It’s a great time to think about taking a company public. Just don’t actually do it.
Or so a recent Ernst & Young report suggests .In second-quarter 2008 — when there were no venture-backed offerings — 30 optimistic companies registered with the Securities and Exchange Commission. By E&Y’s count (excluding companies whose registrations have been languishing for more than a year), that raised to 80 the number of hopefuls in the IPO pipeline.
But will any of them actually launch? “Only when there’s a period of stability in the broader market,” guesses Paul Bard, vice president of research at Renaissance Capital. “The prospects for the classic growth-IPO are pretty poor right now.” Only 14 of the potential launches actually priced during the period, according to Renaissance, and the sluggishness showed no sign of stopping in the third quarter.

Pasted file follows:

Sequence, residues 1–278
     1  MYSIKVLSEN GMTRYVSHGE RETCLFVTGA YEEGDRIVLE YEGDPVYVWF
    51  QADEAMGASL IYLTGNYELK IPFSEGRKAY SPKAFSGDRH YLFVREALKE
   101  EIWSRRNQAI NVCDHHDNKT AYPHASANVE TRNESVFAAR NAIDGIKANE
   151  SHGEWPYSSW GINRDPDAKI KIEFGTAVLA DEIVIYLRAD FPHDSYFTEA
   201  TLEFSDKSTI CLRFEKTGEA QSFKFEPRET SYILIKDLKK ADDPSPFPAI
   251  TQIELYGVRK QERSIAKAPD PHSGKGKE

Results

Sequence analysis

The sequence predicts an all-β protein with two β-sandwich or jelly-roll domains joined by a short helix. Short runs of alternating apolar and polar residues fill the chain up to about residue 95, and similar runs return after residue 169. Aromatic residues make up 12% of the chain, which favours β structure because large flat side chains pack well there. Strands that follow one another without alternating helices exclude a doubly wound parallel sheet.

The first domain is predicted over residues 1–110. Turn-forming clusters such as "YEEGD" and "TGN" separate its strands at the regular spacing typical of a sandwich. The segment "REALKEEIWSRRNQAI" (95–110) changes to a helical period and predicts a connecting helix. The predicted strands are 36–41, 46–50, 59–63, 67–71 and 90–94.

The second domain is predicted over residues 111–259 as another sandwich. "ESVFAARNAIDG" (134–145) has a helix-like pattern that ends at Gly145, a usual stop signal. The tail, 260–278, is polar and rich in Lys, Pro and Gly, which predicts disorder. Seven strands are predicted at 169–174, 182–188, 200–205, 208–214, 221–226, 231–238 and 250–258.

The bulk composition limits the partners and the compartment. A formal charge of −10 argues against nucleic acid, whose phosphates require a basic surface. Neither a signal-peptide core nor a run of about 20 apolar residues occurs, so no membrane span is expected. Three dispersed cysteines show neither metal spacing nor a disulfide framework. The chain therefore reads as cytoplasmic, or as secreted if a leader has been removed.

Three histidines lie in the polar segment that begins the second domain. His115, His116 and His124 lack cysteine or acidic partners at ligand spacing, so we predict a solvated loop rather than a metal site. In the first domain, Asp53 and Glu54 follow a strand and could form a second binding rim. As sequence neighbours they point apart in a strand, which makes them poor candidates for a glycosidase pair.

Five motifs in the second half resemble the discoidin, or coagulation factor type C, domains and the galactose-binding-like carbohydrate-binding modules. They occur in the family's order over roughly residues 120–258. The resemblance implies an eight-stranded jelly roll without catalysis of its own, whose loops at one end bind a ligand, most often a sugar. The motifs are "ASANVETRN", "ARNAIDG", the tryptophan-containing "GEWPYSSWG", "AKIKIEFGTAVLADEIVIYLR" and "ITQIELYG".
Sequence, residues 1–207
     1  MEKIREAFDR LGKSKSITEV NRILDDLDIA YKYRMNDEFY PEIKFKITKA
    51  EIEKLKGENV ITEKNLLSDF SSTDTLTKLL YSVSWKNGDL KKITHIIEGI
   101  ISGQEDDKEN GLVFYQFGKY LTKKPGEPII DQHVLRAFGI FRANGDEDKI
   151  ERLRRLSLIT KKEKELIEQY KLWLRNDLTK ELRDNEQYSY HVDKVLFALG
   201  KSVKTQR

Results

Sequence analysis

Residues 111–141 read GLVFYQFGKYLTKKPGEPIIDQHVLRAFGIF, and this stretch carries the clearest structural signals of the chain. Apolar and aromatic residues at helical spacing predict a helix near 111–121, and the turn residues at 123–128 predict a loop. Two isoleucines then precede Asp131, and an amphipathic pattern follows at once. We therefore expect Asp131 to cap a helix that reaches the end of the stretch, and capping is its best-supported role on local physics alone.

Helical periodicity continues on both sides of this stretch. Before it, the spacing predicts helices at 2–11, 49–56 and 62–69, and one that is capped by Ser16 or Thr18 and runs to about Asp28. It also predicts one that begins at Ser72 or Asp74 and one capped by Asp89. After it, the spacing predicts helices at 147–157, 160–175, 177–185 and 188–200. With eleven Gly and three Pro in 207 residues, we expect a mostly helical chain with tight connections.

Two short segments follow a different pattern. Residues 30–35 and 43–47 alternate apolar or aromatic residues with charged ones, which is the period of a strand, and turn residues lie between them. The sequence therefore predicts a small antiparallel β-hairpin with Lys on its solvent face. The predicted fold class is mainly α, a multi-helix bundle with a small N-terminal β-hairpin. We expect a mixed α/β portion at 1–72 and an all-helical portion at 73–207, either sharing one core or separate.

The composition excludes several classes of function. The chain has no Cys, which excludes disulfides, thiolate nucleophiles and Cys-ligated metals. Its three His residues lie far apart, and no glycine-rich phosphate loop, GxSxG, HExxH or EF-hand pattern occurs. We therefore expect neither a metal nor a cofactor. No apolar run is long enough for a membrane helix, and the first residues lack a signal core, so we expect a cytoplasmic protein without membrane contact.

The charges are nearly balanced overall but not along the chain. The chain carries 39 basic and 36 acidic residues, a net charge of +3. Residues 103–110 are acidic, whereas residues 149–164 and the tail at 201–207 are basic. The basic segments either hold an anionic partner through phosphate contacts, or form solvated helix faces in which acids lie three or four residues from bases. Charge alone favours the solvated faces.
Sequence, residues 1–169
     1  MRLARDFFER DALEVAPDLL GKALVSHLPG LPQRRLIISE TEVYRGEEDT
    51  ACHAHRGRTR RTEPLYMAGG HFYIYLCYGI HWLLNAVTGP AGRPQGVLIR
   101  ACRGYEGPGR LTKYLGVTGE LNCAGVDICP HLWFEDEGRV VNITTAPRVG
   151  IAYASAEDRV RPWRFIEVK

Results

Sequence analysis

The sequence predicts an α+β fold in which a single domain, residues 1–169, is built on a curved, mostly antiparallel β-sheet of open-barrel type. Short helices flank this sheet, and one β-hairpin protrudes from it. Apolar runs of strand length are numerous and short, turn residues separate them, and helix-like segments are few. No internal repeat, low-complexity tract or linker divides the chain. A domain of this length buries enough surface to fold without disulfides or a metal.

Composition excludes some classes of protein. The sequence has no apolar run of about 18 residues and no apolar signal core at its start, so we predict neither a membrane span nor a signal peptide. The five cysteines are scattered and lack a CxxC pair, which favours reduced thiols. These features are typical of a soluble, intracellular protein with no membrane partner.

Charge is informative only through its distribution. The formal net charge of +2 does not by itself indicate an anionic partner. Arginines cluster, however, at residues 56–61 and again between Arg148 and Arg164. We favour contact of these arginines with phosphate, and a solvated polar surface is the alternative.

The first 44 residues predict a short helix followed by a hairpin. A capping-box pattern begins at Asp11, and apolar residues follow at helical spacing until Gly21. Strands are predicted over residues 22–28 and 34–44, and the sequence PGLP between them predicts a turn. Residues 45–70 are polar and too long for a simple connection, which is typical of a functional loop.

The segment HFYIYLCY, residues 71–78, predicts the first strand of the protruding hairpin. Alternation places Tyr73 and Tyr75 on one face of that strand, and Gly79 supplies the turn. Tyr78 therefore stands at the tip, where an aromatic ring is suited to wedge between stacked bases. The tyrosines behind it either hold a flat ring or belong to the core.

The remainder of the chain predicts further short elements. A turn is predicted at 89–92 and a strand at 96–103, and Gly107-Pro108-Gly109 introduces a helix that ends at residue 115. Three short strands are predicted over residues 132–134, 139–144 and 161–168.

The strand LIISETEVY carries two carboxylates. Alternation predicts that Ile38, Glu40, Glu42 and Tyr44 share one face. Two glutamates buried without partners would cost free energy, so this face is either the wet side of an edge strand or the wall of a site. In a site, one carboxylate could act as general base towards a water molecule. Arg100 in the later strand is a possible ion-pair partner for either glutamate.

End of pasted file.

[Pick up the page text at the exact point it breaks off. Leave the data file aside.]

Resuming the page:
On average, companies have been stuck in the chute for about six months, double last year’s wait time. Why are they there? “Some companies want to display their information publicly so that private investors and strategic corporate buyers will see it,” says Jackie Kelley, Americas IPO Leader at E&Y.
If no buyer appears — an increasingly likely scenario, given the slowdown in the M&A market and lack of cheap capital for private-equity firms — then the best hope for IPO candidates that need capital now is to raise more from their existing backers. For those that are profitable or self-sustaining, Bard recommends “hunkering down” and “focusing on not expanding as rapidly.”
But standing in place is not a strategy that appeals to growth-oriented CFOs. “I wouldn’t do that,” says Christopher Speltz, vice president and CFO of CreditCards.com. Although his company withdrew its offering last June, Speltz says that the strong number of filings might reflect “an expectation that we’ve been through the down period.” Maybe so, but there are no signs of a rebound yet.